So, after the Saturday morning commitments were over we headed out on the boat. This is our first time out since all the projects began. We motored over to Kiket Island which is our favorite close-in anchorage. It's only about 40 minutes away but feels like we are far removed from civilization. Very few houses are visible, and there are almost never any other boats anchored here. We usually have this place to ourselves. We dropped the anchor and then began to clean up the boat and start putting our things back on. The boat had been pretty much emptied because of all of the projects. So now it was time to clean out the drawers and cabinets (dust went EVERYWHERE!) and sort through our stuff and put them back where they belong.
We decided to go sailing because there was a nice little breeze. So, I put the Walker Bay down in the water, put the rudder and the center board in and started off to get the mast and sail. I turned around to see the Walker Bay floating away! The knot holding the line to the Walker Bay had come loose. Darn-it! Well, I guess we have to put the other boat in the water so I can go get the Walker Bay, which is drifting away quickly in the current and wind. So, I go to tighten the drain plug on the big dinghy but I can't get it in all the way. Oh well, it will be a quick trip to get the dinghy and I can just turn on the bilge pump if water does come in.
|Trying to install the drain plug. It gets stuck about 1/2 way in.|
The rowboat is just a white dot in the background.
So I lower the dinghy without getting the drain plug all the way in. I hop in and tip the motor down and squeeze the fuel bulb. It is soft and never does get hard. I can hear the sound of rushing air with every squeeze. This is NOT good. So, I climb over the seats to have a look. After a minute or two I find the problem; the fuel line has a split in it right where it clamps to the fuel/water-separator fuel filter I installed a few years ago.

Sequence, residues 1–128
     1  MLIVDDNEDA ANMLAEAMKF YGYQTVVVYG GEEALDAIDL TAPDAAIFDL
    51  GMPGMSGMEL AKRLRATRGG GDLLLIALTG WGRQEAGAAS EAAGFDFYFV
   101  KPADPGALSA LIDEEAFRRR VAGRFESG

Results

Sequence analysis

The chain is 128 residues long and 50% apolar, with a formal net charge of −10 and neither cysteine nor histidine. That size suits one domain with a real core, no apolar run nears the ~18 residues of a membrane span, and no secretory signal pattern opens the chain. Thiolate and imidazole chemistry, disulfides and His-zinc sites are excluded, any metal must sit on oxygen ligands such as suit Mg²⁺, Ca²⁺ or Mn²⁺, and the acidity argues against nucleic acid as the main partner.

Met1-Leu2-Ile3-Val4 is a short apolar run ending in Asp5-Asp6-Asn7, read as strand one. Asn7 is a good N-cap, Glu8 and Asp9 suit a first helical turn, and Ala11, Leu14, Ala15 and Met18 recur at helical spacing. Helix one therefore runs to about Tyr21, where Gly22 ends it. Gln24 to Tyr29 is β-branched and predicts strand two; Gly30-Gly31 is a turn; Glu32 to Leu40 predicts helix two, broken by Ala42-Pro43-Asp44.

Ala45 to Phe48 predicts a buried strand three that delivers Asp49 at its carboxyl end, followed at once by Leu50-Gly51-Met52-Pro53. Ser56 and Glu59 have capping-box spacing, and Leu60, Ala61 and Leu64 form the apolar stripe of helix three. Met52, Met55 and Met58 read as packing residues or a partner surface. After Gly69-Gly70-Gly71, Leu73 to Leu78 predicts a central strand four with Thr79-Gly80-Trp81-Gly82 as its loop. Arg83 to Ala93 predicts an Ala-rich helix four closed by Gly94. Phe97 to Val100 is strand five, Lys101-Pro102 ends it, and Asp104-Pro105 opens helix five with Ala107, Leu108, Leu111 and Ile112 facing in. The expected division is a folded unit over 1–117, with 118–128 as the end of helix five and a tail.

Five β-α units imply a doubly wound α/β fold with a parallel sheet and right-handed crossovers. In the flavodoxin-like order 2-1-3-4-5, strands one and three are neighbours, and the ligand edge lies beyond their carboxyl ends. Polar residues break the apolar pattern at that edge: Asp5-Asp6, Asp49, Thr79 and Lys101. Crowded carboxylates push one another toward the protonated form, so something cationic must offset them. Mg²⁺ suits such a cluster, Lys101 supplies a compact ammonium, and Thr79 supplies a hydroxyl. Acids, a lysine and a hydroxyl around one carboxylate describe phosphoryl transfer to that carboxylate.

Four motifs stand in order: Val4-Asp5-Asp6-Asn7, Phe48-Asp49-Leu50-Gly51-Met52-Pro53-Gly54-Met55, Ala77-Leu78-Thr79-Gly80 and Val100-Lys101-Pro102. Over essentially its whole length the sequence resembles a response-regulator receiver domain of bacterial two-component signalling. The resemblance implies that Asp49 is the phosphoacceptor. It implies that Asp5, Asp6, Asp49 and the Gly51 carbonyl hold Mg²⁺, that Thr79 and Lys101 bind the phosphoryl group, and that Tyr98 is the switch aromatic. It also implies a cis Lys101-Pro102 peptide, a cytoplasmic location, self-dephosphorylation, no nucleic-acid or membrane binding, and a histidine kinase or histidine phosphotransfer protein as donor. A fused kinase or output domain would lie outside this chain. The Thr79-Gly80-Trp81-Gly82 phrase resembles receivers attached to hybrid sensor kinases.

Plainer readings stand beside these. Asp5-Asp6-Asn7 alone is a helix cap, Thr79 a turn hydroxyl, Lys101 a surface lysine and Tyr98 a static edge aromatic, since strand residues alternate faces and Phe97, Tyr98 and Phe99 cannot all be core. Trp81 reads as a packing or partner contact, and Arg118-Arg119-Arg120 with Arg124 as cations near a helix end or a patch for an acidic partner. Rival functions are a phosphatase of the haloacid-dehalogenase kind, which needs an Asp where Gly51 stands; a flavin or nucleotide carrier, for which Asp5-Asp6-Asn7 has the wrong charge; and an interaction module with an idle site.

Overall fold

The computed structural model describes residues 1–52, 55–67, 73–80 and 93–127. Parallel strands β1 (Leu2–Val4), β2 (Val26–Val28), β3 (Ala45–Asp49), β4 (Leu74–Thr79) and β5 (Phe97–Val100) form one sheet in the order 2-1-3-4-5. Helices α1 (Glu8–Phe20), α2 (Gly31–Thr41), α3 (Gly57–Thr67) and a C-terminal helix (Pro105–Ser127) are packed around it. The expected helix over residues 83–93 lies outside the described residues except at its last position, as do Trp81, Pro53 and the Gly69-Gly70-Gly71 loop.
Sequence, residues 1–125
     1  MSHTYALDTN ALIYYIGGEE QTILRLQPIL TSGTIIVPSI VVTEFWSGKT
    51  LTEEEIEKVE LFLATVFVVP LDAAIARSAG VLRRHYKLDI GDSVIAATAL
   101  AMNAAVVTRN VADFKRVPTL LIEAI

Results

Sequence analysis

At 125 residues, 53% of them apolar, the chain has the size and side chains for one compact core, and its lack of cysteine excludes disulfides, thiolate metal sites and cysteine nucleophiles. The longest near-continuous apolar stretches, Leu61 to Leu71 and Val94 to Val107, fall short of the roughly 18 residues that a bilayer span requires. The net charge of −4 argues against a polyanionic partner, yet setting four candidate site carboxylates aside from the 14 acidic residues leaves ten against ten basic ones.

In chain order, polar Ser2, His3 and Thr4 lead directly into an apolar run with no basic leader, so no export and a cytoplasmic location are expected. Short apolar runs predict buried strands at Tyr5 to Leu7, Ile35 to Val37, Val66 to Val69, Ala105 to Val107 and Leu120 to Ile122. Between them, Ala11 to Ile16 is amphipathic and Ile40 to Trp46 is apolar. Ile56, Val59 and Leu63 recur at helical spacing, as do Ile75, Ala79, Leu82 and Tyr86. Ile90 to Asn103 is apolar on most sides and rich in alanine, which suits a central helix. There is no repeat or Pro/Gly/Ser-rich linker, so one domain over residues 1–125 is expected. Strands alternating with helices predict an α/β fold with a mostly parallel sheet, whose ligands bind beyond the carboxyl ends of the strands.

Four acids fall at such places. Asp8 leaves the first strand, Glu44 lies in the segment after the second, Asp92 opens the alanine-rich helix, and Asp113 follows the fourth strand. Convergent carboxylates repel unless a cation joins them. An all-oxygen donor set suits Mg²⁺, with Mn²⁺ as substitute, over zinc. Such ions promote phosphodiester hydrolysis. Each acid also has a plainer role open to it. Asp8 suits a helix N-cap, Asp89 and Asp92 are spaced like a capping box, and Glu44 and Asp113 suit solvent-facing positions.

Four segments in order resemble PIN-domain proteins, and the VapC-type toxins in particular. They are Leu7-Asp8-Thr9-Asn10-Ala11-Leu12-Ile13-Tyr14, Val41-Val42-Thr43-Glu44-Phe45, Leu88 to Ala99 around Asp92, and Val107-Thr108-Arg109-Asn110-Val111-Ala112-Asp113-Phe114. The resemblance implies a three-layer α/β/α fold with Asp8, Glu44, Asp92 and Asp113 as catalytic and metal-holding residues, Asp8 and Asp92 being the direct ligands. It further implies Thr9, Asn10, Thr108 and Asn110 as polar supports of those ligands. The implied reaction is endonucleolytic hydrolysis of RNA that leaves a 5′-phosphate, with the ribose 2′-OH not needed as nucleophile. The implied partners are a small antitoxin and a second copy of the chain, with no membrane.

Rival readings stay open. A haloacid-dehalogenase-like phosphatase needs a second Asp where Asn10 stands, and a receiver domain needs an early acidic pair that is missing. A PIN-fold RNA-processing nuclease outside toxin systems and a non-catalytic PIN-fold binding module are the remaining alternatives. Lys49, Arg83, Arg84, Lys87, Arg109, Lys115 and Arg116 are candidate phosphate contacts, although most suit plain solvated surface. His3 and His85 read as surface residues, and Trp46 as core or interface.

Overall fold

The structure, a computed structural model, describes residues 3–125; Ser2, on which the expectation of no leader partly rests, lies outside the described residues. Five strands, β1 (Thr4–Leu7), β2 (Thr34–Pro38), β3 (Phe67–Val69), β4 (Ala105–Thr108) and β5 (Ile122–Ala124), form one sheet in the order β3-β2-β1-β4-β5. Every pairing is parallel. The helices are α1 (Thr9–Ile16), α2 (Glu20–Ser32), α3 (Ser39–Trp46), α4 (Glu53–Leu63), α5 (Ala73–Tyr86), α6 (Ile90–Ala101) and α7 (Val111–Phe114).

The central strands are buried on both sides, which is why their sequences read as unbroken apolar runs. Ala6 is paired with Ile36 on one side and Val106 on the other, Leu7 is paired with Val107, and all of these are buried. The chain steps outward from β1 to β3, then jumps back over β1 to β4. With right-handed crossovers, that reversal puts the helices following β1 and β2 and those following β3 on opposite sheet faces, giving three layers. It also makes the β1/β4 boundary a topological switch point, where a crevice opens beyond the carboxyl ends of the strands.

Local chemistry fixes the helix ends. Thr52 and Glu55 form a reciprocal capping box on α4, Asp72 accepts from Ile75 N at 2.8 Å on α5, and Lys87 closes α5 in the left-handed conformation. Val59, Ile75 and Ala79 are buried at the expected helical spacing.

|Searching for the rushing air sound. A-ha. There's a|
split in the fuel line. The Walker Bay is almost to shore now.
By now water is starting to come into the boat and flood the floor. So, I decide to lift the boat back up so I can get the drain plug fully seated and work on the fuel line. We lift the boat up a few feet above the water and swing it over the swimstep. Kathy has to hold the dinghy in place while I work on it. Her hands were changing colors from the strain of hanging onto it. Sorry Kathy, and THANKYOU!
I get the bad section of fuel line cut off and reinstalled into the fuel filter. By now the starting battery is weak and will barely turn over the motor. So, I go get the battery charger and start recharing the battery. The Walker Bay is now on shore probably 3/4 or a mile away, or more. After a few minutes on the charger I try again and get the motor running. It sounds just fine. I leave it running for about 10 minutes to make sure. No problems so I jump in and head to shore to retrieve our other boat.
I get it dislodged from the bottom (the centerboard was hung up on a rock) and tow it slowly back to the mother ship. I take a little break and then Kevin and I head out for a dinghy ride, since the motor is now working just fine. Kevin takes the helm and does some donuts. Kevin loves to spin the dinghy in tight circles, and we call that doing donuts.
|View of the big boat from the dinghy.|
We tie the boat up and decide it's best not to head out in that again. By now it's too late to go sailing as we need to think about dinner. So, I put the sailboat back up on the swim step and start the BBQ for some yummy BBQ honey chicken. We let the kids watch a few movies and then it's off to bed.
The kids each take a bunk. The bunks are new to the boat and the kids seem to like them, except we are going to have to work some sort of system to trade off who gets the upper bunk. Both kids want the upper bunk, of course. Kathy took the nice new queen bed, and I retired to the watch berth in the pilothouse. The forecast is for the winds to kick up a little overnight, so I usually sleep top side to keep an eye on the situation. We had no problems overnight despite a definite rise in wind velocity around 2:00AM.
In the morning we hang out, do some cleaning, and I decide to test the outboard motor again. I just do high speed circles around the boat, and slow to an idle several times. All seems fine. The I do it again and this time when I slow to an idle the motor dies again. I can't get it restarted. Fortunately I'm close to the boat and only have to row for a few minutes. I put the battery charger back on and leave it there for several hours.
|Kevin hanging around in the salon Sunday morning.|
|Cindy finds her own way to hang out.|
|Lunch in the sun, on the boat. We've been missing these fun times!|
|This is what happens after eating too much, in the warm sun.|
Time to head home. The conditions were not conducive to testing out our new stabilizers much. Although I did get to run through a fishing boat's wake a few times. Once without the stabilizers and once with. There was a very noticeable difference with virtually no side to side rolling with them on. I can't to get in some rough water and really test them! The trip generated a few more items on my to-do list. But I also managed to check a few items off the list while we were out. So, I guess I broke even...
|What a perfect day to be back out on the water.|
|Kathy at the wheel bringing us home safely.|